I believe you meant to title your topic as Completed or open electrical circuit. That's all you can do with a test light and multimeter.


Bud W has it right when he says to connect the test light between the cable and the battery. If the light is on, there is amperage flowing through the circuit. I use that test all the time.
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#6 ol' stonebreaker ONLINE  

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Posted December 05, 2013 - 06:46 PM

  If the amp draw is low enough it won't show on a test light.

                                                   Mike


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#7 DougT ONLINE  

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Posted December 05, 2013 - 07:01 PM

If the amp draw is low enough it won't show on a test light.
                                                   Mike


A parasitic load like that won't kill the battery very quick. I've seen mine to where the filament was just barely glowing. It just looked like an orange thread.
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#8 Texas Deere and Horse OFFLINE  

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Posted December 05, 2013 - 11:43 PM

An Amp meter will give you the best readings if you place between the positive cable and post on the battery. Most Multi meters have this capability but are only protected to 5 Amps. If the draw is more then that, it will blow the fuse in the meter to protect the meter. I once spent a few days working on a friend's car that would have a dead battery if it set for more then 3 days. Turns out the reverse switch on the trans was bad and had a short in it enough to allow 0.3 power thru it to the back up lights. That wasn't enough to even make the filament in the bulb turn orange, but would drain the battery in a few days. Good luck and let us know what you find.


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#9 Moosetales OFFLINE  

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Posted December 06, 2013 - 01:28 AM

This is great info guys. Thanks for posting the question and thanks for providing great info.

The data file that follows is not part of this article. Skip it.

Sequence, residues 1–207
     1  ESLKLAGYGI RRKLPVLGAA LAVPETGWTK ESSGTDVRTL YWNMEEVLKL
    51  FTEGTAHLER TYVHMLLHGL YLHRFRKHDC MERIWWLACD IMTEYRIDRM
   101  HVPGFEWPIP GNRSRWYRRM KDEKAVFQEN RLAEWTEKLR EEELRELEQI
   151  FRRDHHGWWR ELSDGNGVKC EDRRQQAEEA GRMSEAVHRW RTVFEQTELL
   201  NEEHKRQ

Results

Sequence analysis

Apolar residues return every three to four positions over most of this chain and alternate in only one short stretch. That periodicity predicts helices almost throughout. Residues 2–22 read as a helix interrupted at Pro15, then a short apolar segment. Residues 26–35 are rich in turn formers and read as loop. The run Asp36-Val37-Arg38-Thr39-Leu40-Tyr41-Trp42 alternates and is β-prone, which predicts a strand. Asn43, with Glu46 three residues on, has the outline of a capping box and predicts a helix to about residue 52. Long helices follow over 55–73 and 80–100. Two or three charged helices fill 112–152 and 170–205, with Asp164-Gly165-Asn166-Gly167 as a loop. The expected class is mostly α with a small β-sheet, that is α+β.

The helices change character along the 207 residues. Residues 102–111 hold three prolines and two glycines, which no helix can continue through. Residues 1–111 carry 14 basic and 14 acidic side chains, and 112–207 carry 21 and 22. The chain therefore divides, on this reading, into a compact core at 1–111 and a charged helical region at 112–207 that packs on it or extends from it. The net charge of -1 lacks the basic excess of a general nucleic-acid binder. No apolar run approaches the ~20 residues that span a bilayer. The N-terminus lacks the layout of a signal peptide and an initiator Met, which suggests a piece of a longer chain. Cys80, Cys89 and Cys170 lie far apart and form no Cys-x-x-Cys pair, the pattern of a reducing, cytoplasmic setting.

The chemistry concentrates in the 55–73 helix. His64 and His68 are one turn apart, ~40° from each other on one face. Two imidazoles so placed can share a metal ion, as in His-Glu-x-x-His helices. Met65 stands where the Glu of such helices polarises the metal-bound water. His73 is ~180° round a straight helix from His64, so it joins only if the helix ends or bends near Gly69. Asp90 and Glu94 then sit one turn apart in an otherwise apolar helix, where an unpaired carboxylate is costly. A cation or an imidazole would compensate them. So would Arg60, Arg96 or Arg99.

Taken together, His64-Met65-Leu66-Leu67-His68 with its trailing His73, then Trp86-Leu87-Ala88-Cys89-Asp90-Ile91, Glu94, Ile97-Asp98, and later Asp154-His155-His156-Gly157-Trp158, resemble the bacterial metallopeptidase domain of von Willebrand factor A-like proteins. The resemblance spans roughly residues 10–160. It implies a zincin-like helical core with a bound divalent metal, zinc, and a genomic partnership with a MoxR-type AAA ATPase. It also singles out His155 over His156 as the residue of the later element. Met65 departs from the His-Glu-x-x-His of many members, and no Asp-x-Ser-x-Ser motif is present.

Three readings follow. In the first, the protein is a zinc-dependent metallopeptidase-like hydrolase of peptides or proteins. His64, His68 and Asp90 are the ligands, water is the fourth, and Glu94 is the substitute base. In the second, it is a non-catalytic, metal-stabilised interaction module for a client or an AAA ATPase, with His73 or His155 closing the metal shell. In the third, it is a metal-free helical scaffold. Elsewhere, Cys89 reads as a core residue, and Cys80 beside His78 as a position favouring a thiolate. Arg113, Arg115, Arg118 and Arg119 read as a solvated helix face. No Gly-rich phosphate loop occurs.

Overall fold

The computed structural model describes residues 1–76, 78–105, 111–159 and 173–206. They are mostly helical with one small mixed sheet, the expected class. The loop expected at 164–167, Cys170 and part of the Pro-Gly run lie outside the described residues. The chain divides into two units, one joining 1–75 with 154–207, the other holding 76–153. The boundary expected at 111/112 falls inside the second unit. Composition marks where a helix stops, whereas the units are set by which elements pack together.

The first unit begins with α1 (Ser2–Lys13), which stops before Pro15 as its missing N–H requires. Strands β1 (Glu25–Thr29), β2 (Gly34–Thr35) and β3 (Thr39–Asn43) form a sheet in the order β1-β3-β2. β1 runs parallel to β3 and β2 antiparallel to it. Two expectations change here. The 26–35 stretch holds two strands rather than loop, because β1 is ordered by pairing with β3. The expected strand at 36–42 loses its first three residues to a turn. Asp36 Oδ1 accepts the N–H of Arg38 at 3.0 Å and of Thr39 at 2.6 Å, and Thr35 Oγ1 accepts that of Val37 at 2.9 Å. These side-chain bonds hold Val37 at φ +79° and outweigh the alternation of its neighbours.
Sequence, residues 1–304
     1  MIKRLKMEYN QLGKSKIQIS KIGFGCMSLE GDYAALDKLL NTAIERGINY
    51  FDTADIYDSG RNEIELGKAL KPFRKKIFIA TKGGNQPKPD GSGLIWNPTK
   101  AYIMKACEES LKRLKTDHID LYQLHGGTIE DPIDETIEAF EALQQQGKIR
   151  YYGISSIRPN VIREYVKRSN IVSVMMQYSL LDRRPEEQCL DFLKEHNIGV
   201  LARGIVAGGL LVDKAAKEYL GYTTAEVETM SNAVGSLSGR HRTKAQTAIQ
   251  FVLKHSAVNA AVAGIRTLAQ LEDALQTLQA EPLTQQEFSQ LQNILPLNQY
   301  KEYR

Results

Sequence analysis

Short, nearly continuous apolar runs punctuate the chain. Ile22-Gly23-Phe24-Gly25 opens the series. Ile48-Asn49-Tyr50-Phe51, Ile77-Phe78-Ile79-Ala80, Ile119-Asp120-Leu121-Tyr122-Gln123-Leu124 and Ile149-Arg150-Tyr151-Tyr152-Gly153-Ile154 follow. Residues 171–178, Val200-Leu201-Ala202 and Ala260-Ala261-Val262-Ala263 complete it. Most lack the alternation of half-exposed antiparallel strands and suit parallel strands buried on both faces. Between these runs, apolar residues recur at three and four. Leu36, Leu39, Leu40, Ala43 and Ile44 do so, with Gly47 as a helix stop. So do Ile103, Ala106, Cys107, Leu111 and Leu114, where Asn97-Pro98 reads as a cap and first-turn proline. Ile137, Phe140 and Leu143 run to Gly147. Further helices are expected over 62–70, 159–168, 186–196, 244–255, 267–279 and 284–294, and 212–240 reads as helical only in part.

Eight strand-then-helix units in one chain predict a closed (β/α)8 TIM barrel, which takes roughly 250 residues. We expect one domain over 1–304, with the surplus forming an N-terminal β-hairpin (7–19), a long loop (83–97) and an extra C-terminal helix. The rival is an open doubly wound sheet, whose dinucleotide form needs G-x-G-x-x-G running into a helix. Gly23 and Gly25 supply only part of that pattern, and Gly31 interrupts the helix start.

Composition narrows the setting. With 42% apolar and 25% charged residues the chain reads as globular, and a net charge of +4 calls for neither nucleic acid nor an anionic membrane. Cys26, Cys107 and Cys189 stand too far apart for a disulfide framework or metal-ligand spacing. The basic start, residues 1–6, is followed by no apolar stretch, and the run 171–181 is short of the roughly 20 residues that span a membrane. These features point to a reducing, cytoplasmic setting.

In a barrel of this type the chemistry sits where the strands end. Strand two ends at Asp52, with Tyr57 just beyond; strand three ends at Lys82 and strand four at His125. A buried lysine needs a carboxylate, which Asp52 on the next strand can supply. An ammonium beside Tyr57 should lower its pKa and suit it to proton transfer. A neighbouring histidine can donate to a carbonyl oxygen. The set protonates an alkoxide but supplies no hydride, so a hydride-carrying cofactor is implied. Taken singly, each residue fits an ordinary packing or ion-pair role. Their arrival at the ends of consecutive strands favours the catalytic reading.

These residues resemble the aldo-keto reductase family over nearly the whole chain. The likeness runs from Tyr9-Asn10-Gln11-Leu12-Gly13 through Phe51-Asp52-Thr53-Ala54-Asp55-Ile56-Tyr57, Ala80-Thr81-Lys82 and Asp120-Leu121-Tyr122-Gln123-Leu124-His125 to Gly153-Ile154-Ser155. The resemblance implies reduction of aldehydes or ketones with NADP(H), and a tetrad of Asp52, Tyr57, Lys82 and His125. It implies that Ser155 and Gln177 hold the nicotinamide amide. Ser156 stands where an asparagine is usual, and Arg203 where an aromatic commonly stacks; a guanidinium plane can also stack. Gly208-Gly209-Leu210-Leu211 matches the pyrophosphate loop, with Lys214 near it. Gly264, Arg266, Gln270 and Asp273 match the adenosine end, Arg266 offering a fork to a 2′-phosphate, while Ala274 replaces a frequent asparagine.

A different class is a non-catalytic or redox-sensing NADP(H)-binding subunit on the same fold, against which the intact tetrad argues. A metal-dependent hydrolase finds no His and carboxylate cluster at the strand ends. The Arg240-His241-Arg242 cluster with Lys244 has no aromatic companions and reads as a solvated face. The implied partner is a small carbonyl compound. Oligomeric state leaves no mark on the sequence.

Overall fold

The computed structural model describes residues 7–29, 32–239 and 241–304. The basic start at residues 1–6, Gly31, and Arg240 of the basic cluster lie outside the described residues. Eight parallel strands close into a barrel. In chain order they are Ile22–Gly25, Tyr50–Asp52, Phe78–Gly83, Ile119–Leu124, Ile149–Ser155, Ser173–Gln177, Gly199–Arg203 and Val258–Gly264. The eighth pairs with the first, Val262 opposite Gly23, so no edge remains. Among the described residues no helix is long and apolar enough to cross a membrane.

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#10 Alc ONLINE  

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Posted December 06, 2013 - 06:32 AM

All good info here and Brian makes good point about the internal fuses in the multi meters  (using it inline not using with  an inductive clamp ) , I know that for a fact they blow quick   :wallbanging:    I'll start with a test light first and it it lights , will start there if not then switch to a multi meter  at the highest Amp setting , mine has 2


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#11 sodisr OFFLINE  

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Posted December 06, 2013 - 10:08 AM

Thanks all for the great info.  It's 8 degrees out and that will give me reason to heat the garage and tinker.


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#12 MyBolens1053 OFFLINE  

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Posted December 07, 2013 - 08:39 PM

A parasitic load like that won't kill the battery very quick. I've seen mine to where the filament was just barely glowing. It just looked like an orange thread.

 

If you suspect a trickle loss of voltage happening. take an ammeter and a wire long enough to wrap like a spring 10 times and reach the positive battery terminal and its place of contact. The wraps in the wire multiply the magnetic field by 10 and should give you a better reading to go by.